Behind the Scenes: How Fab Raised $40 million with a lot of data and not much pain Let’s face it, fundraising can be a real pain in the ass for the entrepreneur. It takes up a ton of time that can be otherwise spent managing the business. Sure, it’s a necessary evil, but it’s also typically a big distraction. It’s also a lot like dating. You have to go on a lot of first dates before you can move on the to the second, third, fourth, and then hopefully marriage. The worst thing you can do is slut around. When we decided to raise a large round of financing for Fab in October, my biggest concern was that it would divert our management team’s time and attention away from running the business at a critical time, as we were simultaneously scrambling to prepare for our first holiday season at Fab. As our “one thing” at Fab.com is design, I put a lot of thought and consideration into how we might design our fundraising process differently from the norm, so as to optimize around time spent fundraising vs. running the business, and to quickly hone in on who we wanted to marry.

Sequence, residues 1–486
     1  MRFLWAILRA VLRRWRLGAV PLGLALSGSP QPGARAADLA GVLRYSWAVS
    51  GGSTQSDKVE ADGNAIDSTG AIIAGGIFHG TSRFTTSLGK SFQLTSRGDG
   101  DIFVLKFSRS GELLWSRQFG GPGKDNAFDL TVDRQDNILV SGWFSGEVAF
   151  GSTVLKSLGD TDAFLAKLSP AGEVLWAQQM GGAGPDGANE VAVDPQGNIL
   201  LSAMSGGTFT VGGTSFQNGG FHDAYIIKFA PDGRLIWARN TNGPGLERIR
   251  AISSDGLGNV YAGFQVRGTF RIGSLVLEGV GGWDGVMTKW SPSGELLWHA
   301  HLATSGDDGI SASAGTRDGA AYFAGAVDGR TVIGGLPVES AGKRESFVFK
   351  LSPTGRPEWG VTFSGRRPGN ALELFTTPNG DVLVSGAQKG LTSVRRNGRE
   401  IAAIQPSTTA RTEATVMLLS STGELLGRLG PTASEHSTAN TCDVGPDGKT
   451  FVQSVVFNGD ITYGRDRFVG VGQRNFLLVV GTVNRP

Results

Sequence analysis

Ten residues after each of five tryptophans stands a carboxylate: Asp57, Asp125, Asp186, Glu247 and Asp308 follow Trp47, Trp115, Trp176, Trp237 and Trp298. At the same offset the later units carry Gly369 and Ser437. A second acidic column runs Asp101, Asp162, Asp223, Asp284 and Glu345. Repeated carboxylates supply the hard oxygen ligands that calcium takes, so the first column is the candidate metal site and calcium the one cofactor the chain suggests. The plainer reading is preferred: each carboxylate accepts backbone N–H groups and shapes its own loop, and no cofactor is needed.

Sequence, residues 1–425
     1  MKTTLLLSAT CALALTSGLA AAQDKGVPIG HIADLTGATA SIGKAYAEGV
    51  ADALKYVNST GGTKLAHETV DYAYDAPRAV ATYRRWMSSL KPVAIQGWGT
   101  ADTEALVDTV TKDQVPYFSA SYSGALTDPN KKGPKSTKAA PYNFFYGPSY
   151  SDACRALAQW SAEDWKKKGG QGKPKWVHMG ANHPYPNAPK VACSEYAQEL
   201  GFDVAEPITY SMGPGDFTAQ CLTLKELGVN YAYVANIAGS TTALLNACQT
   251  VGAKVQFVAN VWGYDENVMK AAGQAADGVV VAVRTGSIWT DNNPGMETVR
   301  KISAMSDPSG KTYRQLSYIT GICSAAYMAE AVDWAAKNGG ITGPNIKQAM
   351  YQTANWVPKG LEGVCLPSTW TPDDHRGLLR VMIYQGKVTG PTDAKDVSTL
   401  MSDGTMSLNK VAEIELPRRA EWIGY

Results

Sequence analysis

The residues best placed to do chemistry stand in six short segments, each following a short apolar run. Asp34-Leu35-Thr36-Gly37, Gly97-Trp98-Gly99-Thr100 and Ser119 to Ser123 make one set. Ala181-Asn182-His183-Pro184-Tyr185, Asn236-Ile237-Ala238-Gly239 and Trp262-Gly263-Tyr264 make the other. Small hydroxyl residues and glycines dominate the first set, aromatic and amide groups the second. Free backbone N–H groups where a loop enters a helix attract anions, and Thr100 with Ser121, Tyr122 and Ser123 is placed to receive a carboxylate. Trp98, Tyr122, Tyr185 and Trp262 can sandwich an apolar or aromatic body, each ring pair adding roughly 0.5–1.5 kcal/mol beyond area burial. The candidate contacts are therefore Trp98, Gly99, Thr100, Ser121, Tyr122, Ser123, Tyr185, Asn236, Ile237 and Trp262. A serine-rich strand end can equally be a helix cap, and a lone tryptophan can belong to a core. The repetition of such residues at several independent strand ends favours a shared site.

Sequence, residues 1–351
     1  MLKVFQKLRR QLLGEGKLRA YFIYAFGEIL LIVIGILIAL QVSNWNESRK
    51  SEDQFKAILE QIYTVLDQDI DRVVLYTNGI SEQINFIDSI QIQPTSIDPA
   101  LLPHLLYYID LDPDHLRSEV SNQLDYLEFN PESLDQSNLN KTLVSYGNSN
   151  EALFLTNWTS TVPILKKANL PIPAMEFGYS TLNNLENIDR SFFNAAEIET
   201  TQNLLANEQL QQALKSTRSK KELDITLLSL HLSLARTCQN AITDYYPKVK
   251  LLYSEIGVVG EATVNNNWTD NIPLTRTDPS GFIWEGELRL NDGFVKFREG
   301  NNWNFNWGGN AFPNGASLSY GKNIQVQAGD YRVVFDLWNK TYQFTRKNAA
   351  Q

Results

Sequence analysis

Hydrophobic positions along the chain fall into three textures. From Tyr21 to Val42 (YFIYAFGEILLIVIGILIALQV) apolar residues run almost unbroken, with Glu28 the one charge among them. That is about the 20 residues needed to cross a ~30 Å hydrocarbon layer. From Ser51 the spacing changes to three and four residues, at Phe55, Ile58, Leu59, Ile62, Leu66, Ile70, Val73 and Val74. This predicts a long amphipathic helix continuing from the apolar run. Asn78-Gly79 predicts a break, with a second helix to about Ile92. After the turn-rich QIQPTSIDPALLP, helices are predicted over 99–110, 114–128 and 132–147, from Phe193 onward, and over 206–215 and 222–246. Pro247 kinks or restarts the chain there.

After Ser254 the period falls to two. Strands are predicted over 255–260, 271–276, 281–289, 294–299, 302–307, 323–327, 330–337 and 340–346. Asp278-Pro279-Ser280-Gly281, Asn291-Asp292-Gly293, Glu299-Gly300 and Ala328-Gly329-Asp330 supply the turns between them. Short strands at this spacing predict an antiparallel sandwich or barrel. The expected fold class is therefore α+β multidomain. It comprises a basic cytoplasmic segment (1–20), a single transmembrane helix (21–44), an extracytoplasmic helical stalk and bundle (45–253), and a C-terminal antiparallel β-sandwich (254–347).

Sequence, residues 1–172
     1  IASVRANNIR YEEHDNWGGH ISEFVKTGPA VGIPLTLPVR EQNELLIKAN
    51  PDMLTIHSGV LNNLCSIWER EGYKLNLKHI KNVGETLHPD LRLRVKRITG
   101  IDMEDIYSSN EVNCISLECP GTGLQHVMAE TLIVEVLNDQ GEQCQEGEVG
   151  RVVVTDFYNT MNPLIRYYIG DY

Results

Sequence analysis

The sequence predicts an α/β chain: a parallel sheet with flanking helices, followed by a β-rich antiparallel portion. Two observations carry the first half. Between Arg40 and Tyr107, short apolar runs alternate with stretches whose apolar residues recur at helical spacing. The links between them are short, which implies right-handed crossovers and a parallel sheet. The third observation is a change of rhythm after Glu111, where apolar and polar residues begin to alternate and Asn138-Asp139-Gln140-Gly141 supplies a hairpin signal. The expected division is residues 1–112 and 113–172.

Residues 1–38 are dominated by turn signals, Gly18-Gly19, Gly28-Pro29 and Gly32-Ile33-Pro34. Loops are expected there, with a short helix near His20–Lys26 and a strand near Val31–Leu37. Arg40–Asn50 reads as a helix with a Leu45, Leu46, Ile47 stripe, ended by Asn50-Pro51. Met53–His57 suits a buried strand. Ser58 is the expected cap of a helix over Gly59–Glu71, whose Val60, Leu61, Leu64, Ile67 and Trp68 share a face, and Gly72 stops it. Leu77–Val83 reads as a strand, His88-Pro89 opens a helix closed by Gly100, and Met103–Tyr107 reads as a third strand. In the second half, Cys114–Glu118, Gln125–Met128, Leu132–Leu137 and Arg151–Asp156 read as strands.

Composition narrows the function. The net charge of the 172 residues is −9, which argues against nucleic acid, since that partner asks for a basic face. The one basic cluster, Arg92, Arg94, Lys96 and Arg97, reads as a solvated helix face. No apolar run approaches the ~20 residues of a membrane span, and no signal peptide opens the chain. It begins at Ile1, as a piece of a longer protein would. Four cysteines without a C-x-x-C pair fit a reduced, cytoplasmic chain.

Return and Ridicule I am going down to Princeton today to talk to Ed Zschau's class on entrepreneurship today. Ed asked me what I wanted to talk about. I told him "return and ridicule". I have found that return and ridicule are highly correlated over the years. We have made more money on things that were highly ridiculed than on any other cohort. I saw Bill Gurley say that you can only make money by being right about something that most people think is wrong. The same logic applies to starting companies. This notion also plays into Clayton Christensen's framework for disruptive innovation. Chris Dixon has a great post about hobbyists. So many folks in the venture capital business are sheep that just want to follow the herd. Better to invest in laughing stocks.